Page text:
January 13, 2010
Self Control Is Contagious?

Parents who try very hard to buy into school districts that feature better performing and better behaved children probably appreciate a truth about human nature. People are influenced by the extent of self control exercised by others around them.

Athens, Ga. – Before patting yourself on the back for resisting that cookie or kicking yourself for giving in to temptation, look around. A new University of Georgia study has revealed that self-control—or the lack thereof—is contagious.

In a just-published series of studies involving hundreds of volunteers, researchers have found that watching or even thinking about someone with good self-control makes others more likely exert self-control. The researchers found that the opposite holds, too, so that people with bad self-control influence others negatively. The effect is so powerful, in fact, that seeing the name of someone with good or bad self-control flashing on a screen for just 10 milliseconds changed the behavior of volunteers.

“The take home message of this study is that picking social influences that are positive can improve your self-control,” said lead author Michelle vanDellen, a visiting assistant professor in the UGA department of psychology. “And by exhibiting self-control, you’re helping others around you do the same.”

The press release describes 5 experiments the researchers conducted. Here are the first two:

In the first study, the researchers randomly assigned 36 volunteers to think about a friend with either good or bad self-control. Those that thought about a friend with good self-control persisted longer on a handgrip task commonly used to measure self-control, while the opposite held true for those who were asked to think about a friend with bad self-control.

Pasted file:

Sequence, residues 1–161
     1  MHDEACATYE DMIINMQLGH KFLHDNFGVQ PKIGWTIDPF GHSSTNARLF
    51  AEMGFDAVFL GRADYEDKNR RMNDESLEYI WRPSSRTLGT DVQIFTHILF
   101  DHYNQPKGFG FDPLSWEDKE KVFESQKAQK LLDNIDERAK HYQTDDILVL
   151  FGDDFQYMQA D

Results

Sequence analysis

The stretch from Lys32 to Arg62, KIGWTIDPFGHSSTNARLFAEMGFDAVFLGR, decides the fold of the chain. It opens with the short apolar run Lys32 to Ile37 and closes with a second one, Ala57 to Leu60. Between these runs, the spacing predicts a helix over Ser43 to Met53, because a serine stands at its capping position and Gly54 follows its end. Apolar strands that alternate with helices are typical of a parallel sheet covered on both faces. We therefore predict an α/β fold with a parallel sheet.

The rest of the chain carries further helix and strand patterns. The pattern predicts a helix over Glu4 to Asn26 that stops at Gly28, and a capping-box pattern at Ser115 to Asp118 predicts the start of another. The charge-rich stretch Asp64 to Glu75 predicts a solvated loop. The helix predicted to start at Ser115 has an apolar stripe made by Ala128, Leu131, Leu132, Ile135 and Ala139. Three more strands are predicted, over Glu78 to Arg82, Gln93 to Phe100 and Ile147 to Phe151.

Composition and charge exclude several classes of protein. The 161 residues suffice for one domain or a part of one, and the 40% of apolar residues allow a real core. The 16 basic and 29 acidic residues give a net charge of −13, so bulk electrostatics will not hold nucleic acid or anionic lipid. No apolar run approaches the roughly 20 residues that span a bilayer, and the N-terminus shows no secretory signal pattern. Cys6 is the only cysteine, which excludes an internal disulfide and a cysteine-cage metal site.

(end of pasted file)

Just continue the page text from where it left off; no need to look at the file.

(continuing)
In the second study, 71 volunteers watched others exert self-control by choosing a carrot from a plate in front of them instead of a cookie from a nearby plate, while others watched people eat the cookies instead of the carrots. The volunteers had no interaction with the tasters other than watching them, yet their performance was altered on a later test of self-control depending on who they were randomly assigned to watch.

Maybe people who are on diets need to view a little video on their cell phone several times a day showing someone else bypassing cookies to eat vegetables. Create an environment (which can be at least partially virtual) around yourself showing other people doing what you want yourself to do.

Share |      Randall Parker, 2010 January 13 10:57 PM  Brain Conditioning


Comments
Mthson said at January 14, 2010 1:10 AM:

I think we could say that behavioral genes and environmental reminders such as a daily video both function as nudges. Our genes constantly nudge our behavior in certain directions, but changing the signals that are present in our environment can counter those genetic nudges.

random said at January 14, 2010 7:52 AM:

Translation: "Study shows that peer pressure affects people." In other news, water is wet and fire is hot...

LarryD said at January 14, 2010 11:00 AM:

Well, this isn't peer pressure as I understand the term. It's more following the example that others set.

And popular wisdom has understood this for a long time, role models, "lead by example", etc.

Bob Badour said at January 14, 2010 1:21 PM:

We're apes. We ape. ... Surprise!

LAG said at January 15, 2010 7:08 AM:

Two things immediately came to mind: 1) my mother was right to tell me to pick good friends (thanks friends!); 2) this explains the danger of living in our hedonistic society.

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